The long-term benefits of telling stories with young children was recently documented by a team of researchers, including Duke University Research Scientist Dr. Robert Carr. In a study published in Developmental Psychology, the research team found that children demonstrated higher language skills and, in turn, higher literacy skills throughout elementary school if their mothers used more engaging and complex language while telling stories and reading books together during early childhood.
The study involved mothers and children enrolled in the Family Life Project, a population-representative sample of children born in two rural communities in North Carolina and Pennsylvania. The study recruited a large sample of 1,292 children and families from hospitals at the time of the child’s birth in 2002-2003, and the study researchers have continued to follow the children and families ever since then. The sample of families residing in these two rural communities was both ethnically and economically diverse (e.g., 43% African American and 70% low-income).
“A huge strength of our study was its focus on storytelling as context for learning and development during early childhood” said Carr. “Because previous research has found that learning how to read begins with learning language, the rich tradition of oral storytelling among families in rural communities can provide young children with a stimulating environment to acquire early language and literacy skills. This may be especially true for the low-income and African American families included in our study.”
For this study, the Family Life Project researchers visited families in their homes to observe primary caregivers and children interacting with a wordless picture book when the children were 2, 6, 15, 24, and 36 months old (95% of primary caregivers were mothers, but the sample also included grandmothers, fathers, and same sex partners, henceforth referred to as mothers). During these interactions, the mothers were prompted to generate language in order to convey the stories depicted in the picture books.
“We selected books that contained no words but displayed engaging images that were culturally appropriate and featured ethnically diverse characters,” said lead-author Dr. Lynne Vernon-Feagans, Distinguished Professor Emerita at UNC-Chapel Hill's School of Education. “At times, we had to create our own wordless picture books in order to meet our standards.”
After transcribing and coding the language that mothers used during the book-sharing interactions, the researchers measured the total number of words spoken by the mothers, the grammatical complexity of the mothers’ sentences, and the number of engaging “Wh” questions the mothers asked the child as they looked through the picture books and told stories together (e.g., Who, What, When, Where, and Why).
The findings of this study reveal that children’s development of early language skills was significantly boosted when mothers used more complex and engaging language during these shared book reading interactions. Children who experienced this boost to their early language development went on, in turn, to demonstrate higher literacy and reading comprehension skills across the entire elementary school period, through fifth grade. Although maternal language complexity and engagement were both significant predictors of children’s language and later literacy trajectories, the total number of words spoken by the mothers was not.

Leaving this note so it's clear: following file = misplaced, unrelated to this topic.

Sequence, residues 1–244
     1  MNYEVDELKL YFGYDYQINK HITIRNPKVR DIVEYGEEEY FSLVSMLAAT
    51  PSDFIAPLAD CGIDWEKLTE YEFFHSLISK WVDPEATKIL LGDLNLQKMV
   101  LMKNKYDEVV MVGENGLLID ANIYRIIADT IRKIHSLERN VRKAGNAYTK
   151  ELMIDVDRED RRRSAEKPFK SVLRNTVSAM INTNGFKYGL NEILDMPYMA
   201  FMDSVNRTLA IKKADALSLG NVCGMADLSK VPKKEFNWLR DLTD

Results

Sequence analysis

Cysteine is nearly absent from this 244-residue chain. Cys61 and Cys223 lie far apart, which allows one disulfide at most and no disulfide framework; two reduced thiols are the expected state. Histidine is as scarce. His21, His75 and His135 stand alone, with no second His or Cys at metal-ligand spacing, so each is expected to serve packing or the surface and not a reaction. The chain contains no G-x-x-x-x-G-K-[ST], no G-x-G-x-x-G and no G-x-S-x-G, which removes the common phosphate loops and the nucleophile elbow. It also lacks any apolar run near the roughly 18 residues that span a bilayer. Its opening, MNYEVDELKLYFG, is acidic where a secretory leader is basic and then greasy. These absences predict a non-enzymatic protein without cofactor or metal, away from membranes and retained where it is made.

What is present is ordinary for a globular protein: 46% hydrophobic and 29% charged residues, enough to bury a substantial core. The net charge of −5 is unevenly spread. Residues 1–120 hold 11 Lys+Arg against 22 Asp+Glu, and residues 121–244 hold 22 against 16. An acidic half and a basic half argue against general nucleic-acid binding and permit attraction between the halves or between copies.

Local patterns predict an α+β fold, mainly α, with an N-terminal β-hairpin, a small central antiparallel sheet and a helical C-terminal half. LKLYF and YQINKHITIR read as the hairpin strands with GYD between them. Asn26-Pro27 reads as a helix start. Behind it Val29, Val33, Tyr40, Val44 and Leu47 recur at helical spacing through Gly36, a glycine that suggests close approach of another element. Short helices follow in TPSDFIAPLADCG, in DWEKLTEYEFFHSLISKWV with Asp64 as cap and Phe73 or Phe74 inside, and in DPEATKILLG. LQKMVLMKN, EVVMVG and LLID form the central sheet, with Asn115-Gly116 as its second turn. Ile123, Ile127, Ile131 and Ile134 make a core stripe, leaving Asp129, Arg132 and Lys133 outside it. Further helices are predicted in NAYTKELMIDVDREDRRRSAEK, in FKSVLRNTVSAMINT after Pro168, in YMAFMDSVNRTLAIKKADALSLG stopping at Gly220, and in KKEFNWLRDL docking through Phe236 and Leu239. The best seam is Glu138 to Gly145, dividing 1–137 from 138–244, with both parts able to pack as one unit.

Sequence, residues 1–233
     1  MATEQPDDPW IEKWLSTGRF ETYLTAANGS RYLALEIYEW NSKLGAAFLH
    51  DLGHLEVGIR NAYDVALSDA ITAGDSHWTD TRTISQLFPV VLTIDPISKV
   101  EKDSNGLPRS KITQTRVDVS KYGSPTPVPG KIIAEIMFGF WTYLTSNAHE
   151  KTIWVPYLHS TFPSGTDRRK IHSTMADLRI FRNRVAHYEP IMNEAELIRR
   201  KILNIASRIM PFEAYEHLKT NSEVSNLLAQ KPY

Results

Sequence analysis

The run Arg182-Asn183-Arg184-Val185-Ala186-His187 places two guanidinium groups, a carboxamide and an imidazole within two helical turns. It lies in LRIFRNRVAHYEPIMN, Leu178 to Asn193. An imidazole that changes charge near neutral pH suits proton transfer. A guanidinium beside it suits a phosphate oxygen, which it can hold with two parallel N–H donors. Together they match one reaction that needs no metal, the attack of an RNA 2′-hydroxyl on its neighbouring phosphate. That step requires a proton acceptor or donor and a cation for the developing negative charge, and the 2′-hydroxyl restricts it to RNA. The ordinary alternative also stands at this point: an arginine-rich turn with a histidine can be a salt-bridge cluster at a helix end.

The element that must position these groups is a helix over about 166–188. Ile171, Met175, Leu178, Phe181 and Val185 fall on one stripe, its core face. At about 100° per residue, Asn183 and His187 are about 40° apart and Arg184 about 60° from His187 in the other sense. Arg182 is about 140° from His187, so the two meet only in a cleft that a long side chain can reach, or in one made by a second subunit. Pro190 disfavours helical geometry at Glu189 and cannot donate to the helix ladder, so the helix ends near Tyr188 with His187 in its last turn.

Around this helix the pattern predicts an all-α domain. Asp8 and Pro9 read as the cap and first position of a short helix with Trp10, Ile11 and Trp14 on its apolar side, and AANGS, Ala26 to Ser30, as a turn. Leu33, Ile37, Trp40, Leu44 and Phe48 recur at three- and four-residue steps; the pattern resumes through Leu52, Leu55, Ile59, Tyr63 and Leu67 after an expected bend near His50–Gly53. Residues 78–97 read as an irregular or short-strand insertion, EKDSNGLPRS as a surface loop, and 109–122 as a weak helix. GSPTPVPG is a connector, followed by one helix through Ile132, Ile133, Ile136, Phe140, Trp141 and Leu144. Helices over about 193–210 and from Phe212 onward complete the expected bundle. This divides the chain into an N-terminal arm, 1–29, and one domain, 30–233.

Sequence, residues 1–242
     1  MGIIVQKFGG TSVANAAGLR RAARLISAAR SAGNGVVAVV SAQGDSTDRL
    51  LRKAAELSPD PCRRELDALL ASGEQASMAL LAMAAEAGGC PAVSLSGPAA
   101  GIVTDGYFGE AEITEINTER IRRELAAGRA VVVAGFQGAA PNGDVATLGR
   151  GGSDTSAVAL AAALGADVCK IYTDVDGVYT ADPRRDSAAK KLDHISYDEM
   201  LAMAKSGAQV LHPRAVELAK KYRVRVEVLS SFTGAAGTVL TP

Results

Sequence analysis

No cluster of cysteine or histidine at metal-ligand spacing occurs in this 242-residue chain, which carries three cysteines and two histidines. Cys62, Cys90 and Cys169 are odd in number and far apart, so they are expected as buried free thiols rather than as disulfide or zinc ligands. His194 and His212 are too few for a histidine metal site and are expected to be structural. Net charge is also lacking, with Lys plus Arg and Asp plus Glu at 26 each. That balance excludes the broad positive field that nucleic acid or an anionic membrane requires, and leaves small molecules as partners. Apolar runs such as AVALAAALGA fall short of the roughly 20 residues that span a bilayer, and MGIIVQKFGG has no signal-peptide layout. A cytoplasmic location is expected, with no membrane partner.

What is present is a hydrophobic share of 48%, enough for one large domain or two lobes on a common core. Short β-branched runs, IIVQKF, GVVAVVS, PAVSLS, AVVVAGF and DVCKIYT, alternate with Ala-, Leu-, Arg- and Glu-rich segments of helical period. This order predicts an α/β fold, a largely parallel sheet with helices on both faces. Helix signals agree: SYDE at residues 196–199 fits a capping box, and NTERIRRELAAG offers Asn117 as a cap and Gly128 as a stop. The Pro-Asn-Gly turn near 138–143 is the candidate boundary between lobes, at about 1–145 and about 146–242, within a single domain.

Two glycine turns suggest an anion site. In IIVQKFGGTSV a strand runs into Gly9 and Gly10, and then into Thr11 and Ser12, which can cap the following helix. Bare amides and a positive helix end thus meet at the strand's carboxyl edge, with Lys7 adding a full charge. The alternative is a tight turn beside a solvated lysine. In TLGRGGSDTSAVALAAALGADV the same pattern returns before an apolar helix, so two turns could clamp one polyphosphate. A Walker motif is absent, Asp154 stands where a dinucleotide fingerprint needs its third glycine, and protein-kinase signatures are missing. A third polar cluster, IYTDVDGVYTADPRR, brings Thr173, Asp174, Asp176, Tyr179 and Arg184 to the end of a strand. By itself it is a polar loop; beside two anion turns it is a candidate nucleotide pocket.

The study’s use of wordless picture books allowed the researchers to measure aspects of communication between mothers and their children that extend beyond simply reading the text prescribed by the authors of children’s books. Carr explained how the quality of language that is used while telling stories can be a notable strength of many caregivers, families, communities, and cultures.
“Storytelling is a medium in which families with all types of resources and assets can thrive,” he emphasized, explaining how wordless picture books allow parents and caregivers to “talk beyond the script in ways that may be more culturally relevant and meaningful, compared to simply reading books.” Vernon-Feagans agreed with this sentiment, describing how storytelling “frees up parents to talk with children about lived experiences and family history.”
“Storytelling is a medium in which families with all types
of resources and assets can thrive.”
The Family Life Project is the largest known developmental study of children in rural communities, and this new publication shows that parents’ use of complex and engaging language during early childhood has significant benefits for children’s early language and later literacy skill development. “Early maternal language input and storytelling appears to have a lasting impact that makes a difference for children as they progress through school, lasting 7-years down the line and all the way through fifth grade,” said Vernon-Feagans.
With this compelling evidence of the long-term benefits of language input and storytelling for children’s language and literacy development, this research offers practical implications for ongoing efforts to distribute books and promote literacy learning among families. For example, Dolly Parton’s Imagination Library mails over 1 million free books to children around the world each month. This new study suggests that furnishing wordless picture books to families as well as helping parents, other caregivers, and child care providers learn strategies to engage children in language-rich storytelling might contribute to children’s long-term reading success in school.